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Vamonos Climbing, Skiing and More

An interview with the new program coordinator for Vamonos Outside, Wesley Heredia

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In late 2021, Vamonos Outside—the local nonprofit with a mission to connect, engage and inspire Latinx families & community into the outdoors—announced it had hired a new program coordinator, Wesley Heredia, to help connect with the community and to further the group's mission.

The Source Weekly connected with Heredia to talk about the new role. The below interview has been lightly edited for clarity.

There's no biz like snow biz; Jugamos Afuera participants frolic in the snow during a recent outing. - EDUARDO ROMERO
  • Eduardo Romero
  • There's no biz like snow biz; Jugamos Afuera participants frolic in the snow during a recent outing.

Source Weekly: Share a little about your background.

Wesley Heredia: I would call myself an outdoor educator. I've been working in the outdoor industry as a guide instructor or educator for about eight years now, and I've worked all over the west from Colorado to Utah to Nevada, California, Oregon, Washington.

My main experience has been with Outward Bound as an instructor, first starting in Colorado, then in California. And now here, outside of Redmond. I've taught environmental ed. I've taught a few college classes. And then finally, I've also been a snowboard instructor at Mt. Bachelor for four seasons.

I am Mexican American and we didn't grow up—I grew up in inner-city L.A. the first half of my life, and really didn't have those green spaces. We didn't go out to the forest. We didn't go out to the desert. We didn't go out to the beach, even, that much. Being in the inner city, you're kind of stuck in the inner city. Once we moved to Oregon when I was 12, from then on—there's just so many more green spaces.

Hosanna Wilder at a recent BIPOC climb night—one of Vamonos Outside's regular events. - EDUARDO ROMERO
  • Eduardo Romero
  • Hosanna Wilder at a recent BIPOC climb night—one of Vamonos Outside's regular events.

SW: Explain a little bit about Vamonos Outside.

WH: Vamonos Outside is an outdoor-based program that is geared toward serving the Latino— primarily Latino population—here in Central Oregon, and also people of color as well.

SW: Why is this program so important to you?

WH: It's important to me because it hits home for me—something very deep within me; because growing up, there wasn't a thing like this that took people outside or introduce people to the outdoors. I had to kind of scrape by and get into it where I could find it.

And so why this is important to me? It's because I can take what I know, take my culture, take my experience as the person growing up as a Mexican American but also take my experience as a person of color working through the outdoor industry and seeing it from all different angles and trying to combine the best of both worlds, of a group of people that that have felt neglected, and felt invisible in a lot of other spaces. And so we're trying to bring them into the spotlight by just providing a bridge to the outdoors.

SW: You've had some recent events—talk a little about the events you've had going on lately and how they went.

WH: I think the first event that we kind of helped start was this little program called Jugamos Afuera—and partners with Campfire Central Oregon. The idea was to get kids from elementary school during online distance learning—get them outside and take him to a park where they could play and just be in green spaces. Often enough—a lot of kids who are from the Latino community, going to school and being at school is probably the only space to have to play outside with adult supervision. And so when they didn't have school, they were stuck inside or just playing around their homes.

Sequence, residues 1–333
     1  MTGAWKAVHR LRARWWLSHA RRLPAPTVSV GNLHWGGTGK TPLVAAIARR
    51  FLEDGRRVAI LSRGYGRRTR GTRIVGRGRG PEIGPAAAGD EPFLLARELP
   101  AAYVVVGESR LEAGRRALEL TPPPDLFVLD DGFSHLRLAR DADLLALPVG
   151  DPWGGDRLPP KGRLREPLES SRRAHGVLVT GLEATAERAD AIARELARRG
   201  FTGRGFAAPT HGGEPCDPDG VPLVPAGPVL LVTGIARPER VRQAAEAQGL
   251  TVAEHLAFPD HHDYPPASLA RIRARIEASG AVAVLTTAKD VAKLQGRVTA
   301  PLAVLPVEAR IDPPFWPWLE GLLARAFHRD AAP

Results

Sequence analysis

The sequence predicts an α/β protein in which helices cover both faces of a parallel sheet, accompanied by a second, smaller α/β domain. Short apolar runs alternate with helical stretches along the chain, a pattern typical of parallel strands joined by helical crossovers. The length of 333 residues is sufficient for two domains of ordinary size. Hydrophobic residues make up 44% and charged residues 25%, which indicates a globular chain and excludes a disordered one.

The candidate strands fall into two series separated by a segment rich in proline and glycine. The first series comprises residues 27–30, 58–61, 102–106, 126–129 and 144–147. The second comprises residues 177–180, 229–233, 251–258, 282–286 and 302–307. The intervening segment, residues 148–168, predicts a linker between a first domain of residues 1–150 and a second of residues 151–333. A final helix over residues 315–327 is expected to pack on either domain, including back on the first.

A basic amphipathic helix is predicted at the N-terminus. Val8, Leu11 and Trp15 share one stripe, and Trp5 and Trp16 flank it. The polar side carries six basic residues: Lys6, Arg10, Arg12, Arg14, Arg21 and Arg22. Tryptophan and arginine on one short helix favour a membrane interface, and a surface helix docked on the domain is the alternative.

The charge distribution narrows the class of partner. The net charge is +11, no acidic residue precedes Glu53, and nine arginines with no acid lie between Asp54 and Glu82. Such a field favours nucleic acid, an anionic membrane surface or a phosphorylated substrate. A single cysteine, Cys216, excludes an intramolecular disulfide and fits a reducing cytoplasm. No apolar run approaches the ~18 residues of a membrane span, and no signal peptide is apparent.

We'd take them out to the park, like a short walk away and we would just play games, give them some snacks and then walk them back to their homes. We did that for two falls now. Then in the winter, we took them out sledding and snowshoeing and then hiking as well during other times of the year. We took them to the climbing gym as well. And they really love just bouncing around and climbing on the walls as well. So the idea is—get them out of the house and get them to try new activities.

Wesley Heredia and Eduardo Romero with Vamonos Outside's new adventure van. - EDUARDO ROMERO
  • Eduardo Romero
  • Wesley Heredia and Eduardo Romero with Vamonos Outside's new adventure van.

SW: Talk about the partnership you have with Mt. Bachelor.

WH: This partnership with Bachelor is a new one and pretty exciting one. It's Ski or Ride in Five program where we are bringing teenagers from Bend High and Caldera High, who are people of color or Latino. We're going to get them to Bachelor and take him through the Ride in Five program. And so that's kind of the idea, and we are on track to start. I have our first day actually this weekend, on Saturday.

-Vamonos Outside also hosts a regularly scheduled BIPOC Climb Night and recently acquired a van to be able to transport program participants to events. For more information on volunteering, donations or programming, find them online at vamonosoutside.org.

About The Author

Nicole Vulcan

Nicole Vulcan has been editor of the Source since 2016. While the pandemic reduced "hobbies" to "aspirations," you can mostly find her raising chickens, walking dogs, riding all the bikes and attempting to turn a high desert scrap of land into a permaculture oasis. (Progress: slow.)

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